So, this “eternal life” is different than just biological existence for all time.  In my last post, I wrote: “Wisdom is the ability to choose between the path of righteousness and the path of the wicked.”  However, the Bible also contrasts the two paths as representing “life” and “death”.  If “life” is being on the path of righteousness, then eternal life means that the destiny of those who follow Jesus is to eternally choose the path of righteousness.  This eternal life is also lived in community where everyone else is always on that path, and everything that exists in that world will reflect righteousness.  Every decision we make will be in the Spirit; we will always have the right Answer.  This does not mean that we will be robots following orders, but it means that our morality and creativity will be unconstrained by our fallen nature.  Righteousness and justice will “come naturally”.

In the meantime, Christians can taste this future, but incompletely, as they imperfectly try to follow Jesus.  It can be quite frustrating as nobody can meet the standard no matter how hard they try.

The Inner Place Behind the Curtain
Now the 2nd introductory verses, from Hebrews 6, contain one of my favorite Biblical metaphors.  Hebrews 6:19 starts with “We have this”, but what is “this”?  Earlier in chapter 6, the writer wants his readers to “have the full assurance of hope”[2] and tells them that Abraham was blessed and multiplied into a nation, not by Abraham’s efforts, but by the promise and oath of God, who cannot lie[3].  After all, the famous hymn is called “Great is Thy Faithfulness”, not “Great is My Faithfulness”.  The destiny of the Christian is founded on the cornerstone of Christ’s completed work, and God will not change His mind.  Verses 19 and 20 were written to make this statement as emphatically as possible to the 1st Century Jewish reader.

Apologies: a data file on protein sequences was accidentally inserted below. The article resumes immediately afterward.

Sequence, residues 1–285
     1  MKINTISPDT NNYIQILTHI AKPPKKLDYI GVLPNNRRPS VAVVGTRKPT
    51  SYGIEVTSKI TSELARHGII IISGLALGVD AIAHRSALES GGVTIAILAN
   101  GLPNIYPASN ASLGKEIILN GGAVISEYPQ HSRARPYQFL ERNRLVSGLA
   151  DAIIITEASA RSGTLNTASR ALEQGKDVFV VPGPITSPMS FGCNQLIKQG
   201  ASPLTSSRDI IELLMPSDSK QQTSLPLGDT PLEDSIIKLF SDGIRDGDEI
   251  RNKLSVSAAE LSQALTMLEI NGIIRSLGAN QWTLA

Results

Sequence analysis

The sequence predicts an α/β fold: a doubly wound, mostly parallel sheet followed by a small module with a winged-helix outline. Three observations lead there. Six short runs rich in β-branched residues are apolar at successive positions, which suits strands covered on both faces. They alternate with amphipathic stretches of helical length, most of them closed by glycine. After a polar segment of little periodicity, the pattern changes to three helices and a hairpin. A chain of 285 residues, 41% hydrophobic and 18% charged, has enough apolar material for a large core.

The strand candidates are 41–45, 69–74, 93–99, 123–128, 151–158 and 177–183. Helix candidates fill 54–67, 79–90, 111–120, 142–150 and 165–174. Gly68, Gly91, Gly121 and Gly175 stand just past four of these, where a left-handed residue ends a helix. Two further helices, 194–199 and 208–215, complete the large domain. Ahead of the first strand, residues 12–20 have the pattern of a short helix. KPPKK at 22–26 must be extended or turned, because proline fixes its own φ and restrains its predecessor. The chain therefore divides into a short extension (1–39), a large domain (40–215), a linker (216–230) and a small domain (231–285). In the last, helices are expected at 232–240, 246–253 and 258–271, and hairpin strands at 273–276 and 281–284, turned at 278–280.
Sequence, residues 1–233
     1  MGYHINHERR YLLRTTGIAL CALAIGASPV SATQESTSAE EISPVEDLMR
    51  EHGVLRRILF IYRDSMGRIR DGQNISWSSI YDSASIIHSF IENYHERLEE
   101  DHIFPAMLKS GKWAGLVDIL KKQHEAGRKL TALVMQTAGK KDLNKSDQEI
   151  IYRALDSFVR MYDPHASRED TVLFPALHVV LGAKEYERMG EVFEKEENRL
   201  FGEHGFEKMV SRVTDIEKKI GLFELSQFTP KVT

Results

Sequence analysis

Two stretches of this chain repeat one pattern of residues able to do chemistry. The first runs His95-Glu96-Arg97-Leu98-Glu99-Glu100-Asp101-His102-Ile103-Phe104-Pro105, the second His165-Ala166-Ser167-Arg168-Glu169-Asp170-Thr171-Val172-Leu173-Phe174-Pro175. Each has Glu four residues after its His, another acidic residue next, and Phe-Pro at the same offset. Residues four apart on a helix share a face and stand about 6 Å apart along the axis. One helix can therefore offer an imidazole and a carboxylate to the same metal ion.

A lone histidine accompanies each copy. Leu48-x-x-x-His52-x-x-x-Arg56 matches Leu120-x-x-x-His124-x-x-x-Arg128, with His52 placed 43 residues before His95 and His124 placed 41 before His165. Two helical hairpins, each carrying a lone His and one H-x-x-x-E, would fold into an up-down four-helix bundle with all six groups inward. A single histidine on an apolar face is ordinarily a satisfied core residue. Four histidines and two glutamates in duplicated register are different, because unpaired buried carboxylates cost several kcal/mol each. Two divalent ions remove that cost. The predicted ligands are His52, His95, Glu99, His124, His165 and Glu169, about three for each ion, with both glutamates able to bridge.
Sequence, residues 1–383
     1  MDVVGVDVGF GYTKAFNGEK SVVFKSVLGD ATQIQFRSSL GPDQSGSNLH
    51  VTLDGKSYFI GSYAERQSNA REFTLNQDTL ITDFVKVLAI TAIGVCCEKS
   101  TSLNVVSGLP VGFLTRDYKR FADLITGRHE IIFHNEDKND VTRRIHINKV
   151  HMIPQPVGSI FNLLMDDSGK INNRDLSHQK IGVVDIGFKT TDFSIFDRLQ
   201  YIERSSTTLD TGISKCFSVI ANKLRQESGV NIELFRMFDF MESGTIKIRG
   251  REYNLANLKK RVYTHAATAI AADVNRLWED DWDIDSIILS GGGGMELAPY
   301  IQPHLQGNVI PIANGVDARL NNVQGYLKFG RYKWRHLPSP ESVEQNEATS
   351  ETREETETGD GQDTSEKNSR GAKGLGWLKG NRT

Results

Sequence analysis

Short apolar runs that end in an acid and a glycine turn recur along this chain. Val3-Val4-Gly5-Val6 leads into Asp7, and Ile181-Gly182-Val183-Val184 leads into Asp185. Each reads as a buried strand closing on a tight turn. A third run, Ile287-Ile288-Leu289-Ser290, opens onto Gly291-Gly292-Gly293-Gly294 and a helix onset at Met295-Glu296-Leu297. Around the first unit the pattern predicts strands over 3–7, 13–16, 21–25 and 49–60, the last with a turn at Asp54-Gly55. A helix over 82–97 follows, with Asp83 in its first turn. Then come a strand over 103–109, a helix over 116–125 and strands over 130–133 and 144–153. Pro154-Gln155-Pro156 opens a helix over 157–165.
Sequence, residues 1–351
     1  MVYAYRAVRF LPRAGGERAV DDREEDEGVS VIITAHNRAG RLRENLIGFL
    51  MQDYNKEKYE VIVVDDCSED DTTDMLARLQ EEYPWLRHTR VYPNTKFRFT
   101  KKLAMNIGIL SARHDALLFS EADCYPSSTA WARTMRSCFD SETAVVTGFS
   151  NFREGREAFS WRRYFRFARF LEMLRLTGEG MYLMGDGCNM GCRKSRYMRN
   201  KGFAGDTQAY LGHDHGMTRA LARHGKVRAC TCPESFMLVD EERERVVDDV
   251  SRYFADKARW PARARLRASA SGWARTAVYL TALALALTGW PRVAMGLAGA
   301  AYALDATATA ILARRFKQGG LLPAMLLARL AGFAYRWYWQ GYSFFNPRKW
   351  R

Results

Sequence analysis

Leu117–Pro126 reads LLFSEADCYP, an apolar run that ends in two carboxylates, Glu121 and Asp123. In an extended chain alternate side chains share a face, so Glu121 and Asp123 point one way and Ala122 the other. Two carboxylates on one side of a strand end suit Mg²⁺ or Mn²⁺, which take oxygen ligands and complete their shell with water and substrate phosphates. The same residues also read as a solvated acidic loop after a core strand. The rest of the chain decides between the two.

For other readers in the 21st Century, some background might be necessary:  The book of Hebrews, written for Jews who had become Christians, includes a lot of imagery they would recognize like “the inner place behind the curtain”.  In the Old Testament, God’s tabernacle, and later temple(s), were indications of at least two things: that He was present with His people, and that He could only be approached in the way He prescribed.  God is Holy and Just, unable to tolerate sin, so entering His presence is serious business.  In the very early days of Israel, the Levite priesthood were commanded to kill anyone who came too close to God’s presence[4].  A vastly elaborate sacrificial system was implemented to illustrate God’s requirements for meeting with sinners: an innocent creature had to die.  Animals symbolized the later sacrifice of Jesus Christ.  Even the altar upon which the animals were sacrificed required its own sacrifices to be acceptable.

But the “Holy of Holies” was the ultimate statement of how serious approaching God is.  This innermost room of the temple was only entered once per year (on the Day of Atonement, or Yom Kippur), and only by the high priest, who only can enter after hours of preparation.  Once there, the high priest would sprinkle the blood of a sacrificed bull on and in front of God’s “mercy seat”, the cover of the ark of the covenant and a sign of His presence[5].  Later Jewish tradition (not found in the Bible) indicates that others would stand outside the room holding a rope that was tied to the high priest, who also had bells tied around his waist.  If those outside heard the bells jingling, followed by silence, they would assume the high priest did not atone properly for the sins of the people, died in God’s presence, and needed to be dragged out by the rope.

While being dragged out, the high priest would pass under the veil, or curtain, that covered the entrance to the Holy of Holies.  This curtain was a physical reminder of the barrier to God represented by His holiness.

Anchor and Forerunner